Please read the paragraph on page 2 of the instructions area of this Announcement of Classes for more details about enrolling in or wait-listing for this course.

...(read more)
Blanton, C. D.
Spring 2014

190/5

Research Seminar:
Reading Like a Victorian

TTh 11-12:30

This course will recreate the reading experiences of the nineteenth-century public, examining publishing trends and literary forms in Victorian Britain. We'll explore the rise of mass literacy, the growth of the periodical press, the serializa...(read more)

Browning, Catherine Cronquist
Spring 2014

190/7

Research Seminar:
Cybernetics; or Control and Communication in the Postwar Novel

TTh 12:30-2

The title of this course plays on Norbert Wiener’s highly influential 1948 book, Cybernetics; or Control and Communication in the Animal and the Machine. Though hardly remembered today, the field that it inaugurated, cybernetics, en...(read more)

Bernes, Jasper
Spring 2014

190/8

Research Seminar:
Moby Dick

TTh 12:30-2

We will read Moby-Dick very closely, twice. Regular attendance and participation will be required, along with two ten-page essays. Students should purchase the Penguin Classics edition, not the Penguin Classics Deluxe Edition.

...(read more)

Breitwieser, Mitchell
Spring 2014

190/9

Research Seminar:
Literature of the Ocean

TTh 12:30-2

Provisional Book List:  William Wycherley, The Plain-Dealer; Ned Ward, The Wooden World Dissected; Daniel Defoe, Captain Singleton; Olaudah Equiano, Interesting Narrative; Tobias Smollett, Roderick Rand...(read more)

Sorensen, Janet
Spring 2014

190/12

Research Seminar:
Henry James

TTh 3:30-5

Henry James asked a lot of his readers, especially in these fictions written late in his career, but they’re extremely rewarding, and worth the labor they require, rewarding because of the labor they require. Students enrolling in the class ...(read more)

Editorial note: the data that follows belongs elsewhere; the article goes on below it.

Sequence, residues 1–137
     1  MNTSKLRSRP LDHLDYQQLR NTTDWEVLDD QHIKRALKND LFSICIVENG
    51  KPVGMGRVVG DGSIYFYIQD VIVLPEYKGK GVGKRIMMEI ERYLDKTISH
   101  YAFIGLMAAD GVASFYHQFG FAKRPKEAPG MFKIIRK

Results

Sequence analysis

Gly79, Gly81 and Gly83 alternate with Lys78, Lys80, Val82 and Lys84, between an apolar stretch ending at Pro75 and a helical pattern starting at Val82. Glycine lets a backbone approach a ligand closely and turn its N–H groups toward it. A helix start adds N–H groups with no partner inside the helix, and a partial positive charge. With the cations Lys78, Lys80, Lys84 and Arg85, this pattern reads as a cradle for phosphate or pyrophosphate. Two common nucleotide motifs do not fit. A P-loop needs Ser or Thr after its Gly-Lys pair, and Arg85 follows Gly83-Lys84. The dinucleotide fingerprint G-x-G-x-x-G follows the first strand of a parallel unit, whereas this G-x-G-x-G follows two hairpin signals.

Breitwieser, Mitchell
Spring 2014

190/13

Research Seminar:
Realism and Naturalism

TTh 3:30-5

Our readings will focus on major American writers of the late-nineteenth and early-twentieth century whose works helped to define the literary modes of realism and naturalism. We will be asking questions about how literature responds to new ways o...(read more)

Goble, Mark
Spring 2014

203/2

Graduate Readings:
Campus/Novel/Theory

Tues. 3:30-6:30

This course considers the relationship between the campus, the novel, and literary theory in the West. Accordingly, we will discuss theories of the novel, read some post-war British and American “campus novels,” consider the campu...(read more)

Serpell, C. Namwali
Summer 2014

N20/1

Modern British and American Literature

MTuTh 10-12

Virginia Woolf famously wrote that “on or about December 1910, human character changed.” In her view, the exciting and experimental works of modernism—written by authors like T.S. Eliot, James Joyce, and Woolf herself—came ...(read more)

Creasy, CFS
Summer 2014

N125B/1

The English Novel: Dickens through Conrad

TTh 12-2

In this class we'll read novels by Charles Dickens, Emily Brontë, George Eliot, Lewis Carroll and others. We'll think about these novels...(read more)

Puckett, Kent
Summer 2014

N180Z/1

Science Fiction:
Speculative Fiction and Dystopias

MTuTh 10-12

This cou...(read more)

Jones, Donna V.
Fall 2013

125D/1

The 20th-Century Novel

TTh 9:30-11

In this course we will analyze nine 20th-century American novels, taking note of how their formal organization participates in their thematic concerns.  We'll spend the first few class meetings reviewing the history of the novel as a form...(read more)

Loewinsohn, Ron
Fall 2013

125E/1

The Contemporary Novel

TTh 8-9:30

A survey of major novels, including nonfiction novels, published in the last fifty years.  There will be two papers, a midterm, and a final exam.

Note:  The instructor (and book list and course description) of this course changed ...(read more)

Gordon, Zachary
Fall 2013

132/1

American Novel

TTh 12:30-2

This course will explore eight major American novels.  There will be two papers, a midterm, and a final exam.

Note:  The instructor (and book list and course description) of this course changed in June.  There has been no cha...(read more)

Gordon, Zachary
Fall 2013

180N/1

The Novel:
The American Novel Since 1900

MW 3-4 + discussion sections F 3-4

A survey of the American novel: its forms, patterns, techniques, ideas, cultural context, and interaction with other media. Special attention will be paid to questions of aesthetics, epistemology, and ethics—w...(read more)

Serpell, C. Namwali
Fall 2013

190/1

Research Seminar:
Victorian Sensations

MW 4-5:30